The other foreign ship builder company operating in the country are not like this and their safety
    standards are compliant with the law and they make sure to treat their workers like a human beings but koreans…what’s wrong with them. They need to treat their worker more nicely and humanely.

  • Ricky070

    The government needs to reform the foreign ownership laws of the country in order to attract more foreign investor to invest in the country.  It is clear now that the foreign ownership rule does not fully support the attractiveness of the country of FDI  but it only served to protect the vested interest of the oligarch in the country.  The foreign ownership law seems patriotic and nationalistic designed to look after and protect the interest of the Filipino people but if one were to look at it in more detail and examine it, it is actually doing some harm on the economic progress of the country and worst, the very purpose it was designed for is actually only benefiting the oligarch and their monopoly in the country, which further harm competition, progress and economic growth.  The Philippine economy can do better with out harmful laws that does not actually benefit the country.  Sure a patriotic and nationalistic foreign ownership law is needed in order to appease our sentiment in protecting the interest of the Filipino People but we should come up with a law that strikes a balance between our need to protect ownership of land and others in the country and the economic benefit in attracting foreign investor..  We need to compromised and reformed the foreign ownership law ASAP.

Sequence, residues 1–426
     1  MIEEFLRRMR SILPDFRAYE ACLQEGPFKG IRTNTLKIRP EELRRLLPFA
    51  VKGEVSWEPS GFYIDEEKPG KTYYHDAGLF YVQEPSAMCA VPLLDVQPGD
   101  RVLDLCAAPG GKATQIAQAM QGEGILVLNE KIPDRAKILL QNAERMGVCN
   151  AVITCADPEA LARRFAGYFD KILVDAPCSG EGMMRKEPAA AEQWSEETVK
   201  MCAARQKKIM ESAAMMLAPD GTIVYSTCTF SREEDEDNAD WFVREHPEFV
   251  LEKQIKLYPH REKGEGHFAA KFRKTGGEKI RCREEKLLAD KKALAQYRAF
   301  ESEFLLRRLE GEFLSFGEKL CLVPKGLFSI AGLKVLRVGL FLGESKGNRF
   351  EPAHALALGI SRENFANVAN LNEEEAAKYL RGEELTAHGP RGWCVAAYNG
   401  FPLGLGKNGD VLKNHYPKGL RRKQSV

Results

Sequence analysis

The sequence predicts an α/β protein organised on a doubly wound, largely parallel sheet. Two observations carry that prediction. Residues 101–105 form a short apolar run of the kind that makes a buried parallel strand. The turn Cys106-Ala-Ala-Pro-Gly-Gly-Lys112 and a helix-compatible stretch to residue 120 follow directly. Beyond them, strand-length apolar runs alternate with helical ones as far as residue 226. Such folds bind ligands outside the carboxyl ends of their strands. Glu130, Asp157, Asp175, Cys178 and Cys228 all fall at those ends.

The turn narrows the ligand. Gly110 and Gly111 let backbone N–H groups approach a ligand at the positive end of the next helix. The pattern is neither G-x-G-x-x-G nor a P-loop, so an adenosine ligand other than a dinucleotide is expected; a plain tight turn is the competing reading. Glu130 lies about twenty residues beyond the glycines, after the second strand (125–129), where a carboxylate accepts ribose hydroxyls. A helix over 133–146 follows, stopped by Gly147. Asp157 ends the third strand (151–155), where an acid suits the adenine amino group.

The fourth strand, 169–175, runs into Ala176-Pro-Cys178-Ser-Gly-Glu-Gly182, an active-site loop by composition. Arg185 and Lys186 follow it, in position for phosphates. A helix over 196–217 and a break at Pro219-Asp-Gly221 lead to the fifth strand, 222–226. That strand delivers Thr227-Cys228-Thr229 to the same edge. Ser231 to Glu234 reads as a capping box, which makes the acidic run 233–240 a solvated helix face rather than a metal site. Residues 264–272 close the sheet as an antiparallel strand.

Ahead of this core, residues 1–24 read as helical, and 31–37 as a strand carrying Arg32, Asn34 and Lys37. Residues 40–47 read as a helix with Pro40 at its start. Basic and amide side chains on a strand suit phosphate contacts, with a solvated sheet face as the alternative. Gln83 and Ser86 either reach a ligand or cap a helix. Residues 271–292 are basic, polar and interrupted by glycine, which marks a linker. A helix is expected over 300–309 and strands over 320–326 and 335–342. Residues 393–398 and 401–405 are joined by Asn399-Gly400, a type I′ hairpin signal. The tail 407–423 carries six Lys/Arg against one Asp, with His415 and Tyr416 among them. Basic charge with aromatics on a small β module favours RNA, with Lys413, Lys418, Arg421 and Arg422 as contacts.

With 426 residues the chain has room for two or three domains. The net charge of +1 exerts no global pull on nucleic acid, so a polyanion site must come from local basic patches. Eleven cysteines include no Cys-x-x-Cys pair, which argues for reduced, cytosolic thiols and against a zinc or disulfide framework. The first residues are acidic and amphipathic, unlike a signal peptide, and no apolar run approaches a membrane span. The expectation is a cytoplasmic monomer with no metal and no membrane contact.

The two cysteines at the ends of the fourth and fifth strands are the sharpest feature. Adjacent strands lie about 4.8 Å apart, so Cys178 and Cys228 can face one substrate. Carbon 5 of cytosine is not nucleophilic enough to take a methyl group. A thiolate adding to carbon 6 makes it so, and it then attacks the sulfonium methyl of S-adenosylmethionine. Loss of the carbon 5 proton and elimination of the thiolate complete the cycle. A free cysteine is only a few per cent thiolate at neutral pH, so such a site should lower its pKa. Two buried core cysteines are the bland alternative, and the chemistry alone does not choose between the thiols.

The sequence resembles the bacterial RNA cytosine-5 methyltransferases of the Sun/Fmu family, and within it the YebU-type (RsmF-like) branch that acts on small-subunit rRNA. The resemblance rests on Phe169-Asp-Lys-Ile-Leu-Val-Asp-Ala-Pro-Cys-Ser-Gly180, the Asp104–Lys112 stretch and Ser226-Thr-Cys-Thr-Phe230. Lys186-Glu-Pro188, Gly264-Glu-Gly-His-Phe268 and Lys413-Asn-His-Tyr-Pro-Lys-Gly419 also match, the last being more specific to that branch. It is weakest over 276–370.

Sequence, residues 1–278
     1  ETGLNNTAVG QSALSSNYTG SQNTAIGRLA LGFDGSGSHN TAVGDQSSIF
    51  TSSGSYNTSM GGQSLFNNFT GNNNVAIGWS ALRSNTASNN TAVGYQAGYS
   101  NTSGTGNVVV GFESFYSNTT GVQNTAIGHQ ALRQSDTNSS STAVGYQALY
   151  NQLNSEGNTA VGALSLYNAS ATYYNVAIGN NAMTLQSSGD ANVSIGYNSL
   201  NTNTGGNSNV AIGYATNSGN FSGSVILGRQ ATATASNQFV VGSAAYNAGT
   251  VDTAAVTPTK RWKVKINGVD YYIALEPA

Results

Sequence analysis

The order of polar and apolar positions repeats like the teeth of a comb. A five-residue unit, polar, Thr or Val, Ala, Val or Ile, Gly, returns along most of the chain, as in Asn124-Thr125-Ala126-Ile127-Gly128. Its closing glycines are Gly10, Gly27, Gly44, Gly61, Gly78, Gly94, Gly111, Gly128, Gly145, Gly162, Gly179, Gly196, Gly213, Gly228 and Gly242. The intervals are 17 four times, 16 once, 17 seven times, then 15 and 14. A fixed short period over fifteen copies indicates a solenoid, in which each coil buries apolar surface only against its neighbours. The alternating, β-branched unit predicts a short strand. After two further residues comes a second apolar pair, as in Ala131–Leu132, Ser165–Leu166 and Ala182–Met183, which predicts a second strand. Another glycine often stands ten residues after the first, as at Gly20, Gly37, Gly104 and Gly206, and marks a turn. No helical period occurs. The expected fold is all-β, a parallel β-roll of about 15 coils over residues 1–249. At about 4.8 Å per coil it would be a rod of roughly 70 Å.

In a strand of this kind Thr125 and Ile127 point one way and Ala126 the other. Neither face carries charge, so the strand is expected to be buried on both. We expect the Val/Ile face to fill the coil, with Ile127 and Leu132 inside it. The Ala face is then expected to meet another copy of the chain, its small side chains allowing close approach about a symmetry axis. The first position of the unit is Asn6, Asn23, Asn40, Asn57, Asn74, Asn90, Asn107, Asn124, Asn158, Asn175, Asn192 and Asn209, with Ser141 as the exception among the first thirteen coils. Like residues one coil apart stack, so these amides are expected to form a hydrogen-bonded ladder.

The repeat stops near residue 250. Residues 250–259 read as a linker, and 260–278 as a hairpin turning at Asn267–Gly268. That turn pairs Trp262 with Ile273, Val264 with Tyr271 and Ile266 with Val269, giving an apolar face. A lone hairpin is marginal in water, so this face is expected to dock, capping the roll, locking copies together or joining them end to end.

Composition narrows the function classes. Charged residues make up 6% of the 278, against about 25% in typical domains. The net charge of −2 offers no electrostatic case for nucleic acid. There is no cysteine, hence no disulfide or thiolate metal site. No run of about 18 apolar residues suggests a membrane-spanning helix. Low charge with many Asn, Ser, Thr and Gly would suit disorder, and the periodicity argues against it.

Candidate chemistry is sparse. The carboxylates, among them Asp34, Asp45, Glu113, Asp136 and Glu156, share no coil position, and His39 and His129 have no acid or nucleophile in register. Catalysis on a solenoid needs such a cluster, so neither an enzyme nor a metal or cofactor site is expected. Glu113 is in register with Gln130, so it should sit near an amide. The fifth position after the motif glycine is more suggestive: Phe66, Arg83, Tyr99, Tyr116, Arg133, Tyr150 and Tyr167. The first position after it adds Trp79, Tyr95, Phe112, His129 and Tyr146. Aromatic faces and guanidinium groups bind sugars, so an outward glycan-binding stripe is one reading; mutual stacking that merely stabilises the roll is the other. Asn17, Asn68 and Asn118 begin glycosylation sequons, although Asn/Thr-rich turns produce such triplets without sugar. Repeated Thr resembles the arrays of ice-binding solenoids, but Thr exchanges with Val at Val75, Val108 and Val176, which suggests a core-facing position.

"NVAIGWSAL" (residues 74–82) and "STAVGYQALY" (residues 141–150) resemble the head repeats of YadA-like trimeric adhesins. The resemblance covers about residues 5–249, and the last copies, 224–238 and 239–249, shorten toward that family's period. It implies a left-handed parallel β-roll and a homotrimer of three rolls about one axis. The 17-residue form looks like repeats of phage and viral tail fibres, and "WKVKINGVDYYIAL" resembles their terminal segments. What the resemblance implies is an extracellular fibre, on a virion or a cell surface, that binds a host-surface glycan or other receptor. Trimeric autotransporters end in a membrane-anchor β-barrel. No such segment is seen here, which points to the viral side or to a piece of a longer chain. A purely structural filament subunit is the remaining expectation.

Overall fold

• Glen Hale

      6% growth is predicted for PI here is your chance to grab it with both hands and you must realise other countries can offer more , so you need to do as above introduce a legal system  not the facade you have now , a justice system not a JUST US, honest police force all you have in place now are as phony as glass eye and run by people how could not arrange a 2 car parade.
      This is your big chance USA is bankrupt and will never get out of debt even if they stopped  spending on every thing now it will take 63 yrs to repay and the interest is 2.5 Million $ a second and rising,
      Companies will move where there is value for them so create it ASAP. 

  • legislex

    I appreciate the efforts of Koreans to relocate their business here in the Philippines.  I have to warn our Filipino brothers though of the business ethics of most Koreans.  They are not like Japanese businessmen who value honor over profits.  I have a lot of horrible experiences against these Koreans in the Philippines.  Even prestigious golf clubs now have unwritten standing policies against admitting Koreans to their clubs.   I just hope that I will be proven wrong later.  In the meantime, I choose not to deal with them.

  • Platypus09

    Another wow.. for the Philippines..